That’s really a key takeaway here, consider what the stack to pot ratio is going to be, should you slow play with your pocket Aces pre flop and then decide is that a stack to pot ratio that’s low enough that I’m easily going to be able to get the money in post flop so I really don’t have to put in that extra raise before the flop?

Gary Blackwood (04:09):

Yeah, it’s always great to be trapping your opponent’s pre flop and everything that we’ve just spoken about. You could also apply that to cash games as well. Some of us play against some short stacking regs who play 50 big blind stacks and if they’re three betting you and you’re in position, the same logic applies. You want to be able to trap your opponent sometimes and keep in their King Queens and their King Jacks and their Jack Tens and things like that. So the tournament example is fantastic, but we can also apply that to when we’re playing against good solid short stacking players who are playing 50 big blind stacks.

Mike Brady (04:37):

I’ve pulled up the pre-flop master sheet from the Road to Victory tournament course on It’s an amazing course that was made by Darren Elias and Nick Petrangelo, two of the world’s top tournament players earlier this year and I’m looking at a versus three bet spot button versus small blind.

The exact example that I just gave you where we slow play pocket Aces, these are solver generated charts that were hand tweaked by the coaches and the solver never wants to put in that four bet with pocket Aces here. Interestingly, it also slow plays Kings with a hundred percent frequency and mostly slow plays Queens. About 75% of the time Queens just want to call and set the trap and they actually four bet shove the other 25% of the time.

Quick background story about this specific spot. I’ve kind of had light nightmares about this situation for a couple of years because in the WSOP Main Event in I think roughly 2019, I had pocket kings on the button with a 50 big blind stack.

I raised the button the small blind three bet and I just shipped it in, and I was going to ship it in 100% of the time. I was never going to trap, my opponent quickly folded much to my chagrin and then later on I checked the spot and saw that it was a 100% frequency call and I felt like an idiot and I really felt like I cost myself a lot of chips there.

I didn’t give my opponent that chance to c-bet on the flop, which he was probably going to do at a super high frequency. I didn’t give him a to make top pair with a hand like queen jack if he had it. So that really goes to show how important it is to trap in this scenario.

The solver really, really likes to always just call with these big pocket pairs when the stack to pot ratio is going to be really low going into the flop.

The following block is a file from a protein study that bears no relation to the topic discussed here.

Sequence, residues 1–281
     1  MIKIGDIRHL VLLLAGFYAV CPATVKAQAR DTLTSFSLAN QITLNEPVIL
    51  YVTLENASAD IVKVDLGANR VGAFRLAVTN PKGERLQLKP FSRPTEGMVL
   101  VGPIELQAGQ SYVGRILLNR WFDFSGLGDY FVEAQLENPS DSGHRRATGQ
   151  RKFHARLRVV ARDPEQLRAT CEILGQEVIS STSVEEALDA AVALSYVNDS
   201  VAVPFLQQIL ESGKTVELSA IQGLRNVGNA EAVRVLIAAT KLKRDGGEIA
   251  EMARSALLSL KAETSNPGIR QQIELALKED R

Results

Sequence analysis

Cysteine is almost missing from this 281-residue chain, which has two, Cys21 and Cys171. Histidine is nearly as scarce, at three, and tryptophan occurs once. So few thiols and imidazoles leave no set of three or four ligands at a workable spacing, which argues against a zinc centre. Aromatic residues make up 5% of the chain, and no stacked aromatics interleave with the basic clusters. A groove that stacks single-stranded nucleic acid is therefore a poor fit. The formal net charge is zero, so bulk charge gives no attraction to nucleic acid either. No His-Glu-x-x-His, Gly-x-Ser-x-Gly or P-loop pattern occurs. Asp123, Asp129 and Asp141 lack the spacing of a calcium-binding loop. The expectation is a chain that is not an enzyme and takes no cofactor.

Gary Blackwood (06:13):

Wow, you must’ve been really deep in the main event for that to be bugging you after all these years. Must have been day six, day five, day seven?

Mike Brady (06:19):

It was day one, it was day one, but hey every hand matters Gary. It’s all a journey to that final table that I know one year I’m going to make.

Moving on to one more pre-flop example here, you’re going to notice that it’s a quite different example but the stack to pot ratio going into the flop should we trap is pretty much the same.

So this third example is when you’re playing versus an open and you are very short. So in this case you’re playing a tournament and your stack is 12 big blinds. The cutoff, let’s say they have a 40 big blind stack raises to two big blinds and you are in the big blind with pocket Aces.


This is a spot that the solver also traps 100% of the time with pocket Aces. With these stacks, if you just call that two big blind raise pre-flop, the pot’s going to be 5.5 big blinds, you’re going to have 11 behind. So the stack to pot ratio is exactly two. I can verify this with another chart from the road to victory course.

We don’t have 12 big blind ranges in there, but we do have 15 big blind ranges, so a little bit deeper, but even with those few extra blinds in your stack pocket Aces traps 100% of the time versus a cutoff raise when you’re seated in the big blind and it’s a very similar concept where you really want them to c-bet on the flop and you can get those chips, you really want them to hit a top pair or flop a draw that you’re able to double up through.


So these hands really, really need to be trapping pre-flop. You’re just not going to make as much money on average if you jam it in. Before moving on to the next big situation in which you should slow play pocket Aces. I want to look through a few more charts from Darren Elias and Nick Petrangelo’s course Road to Victory because those are not the only scenarios where you slow play with hands like Aces pre-flop.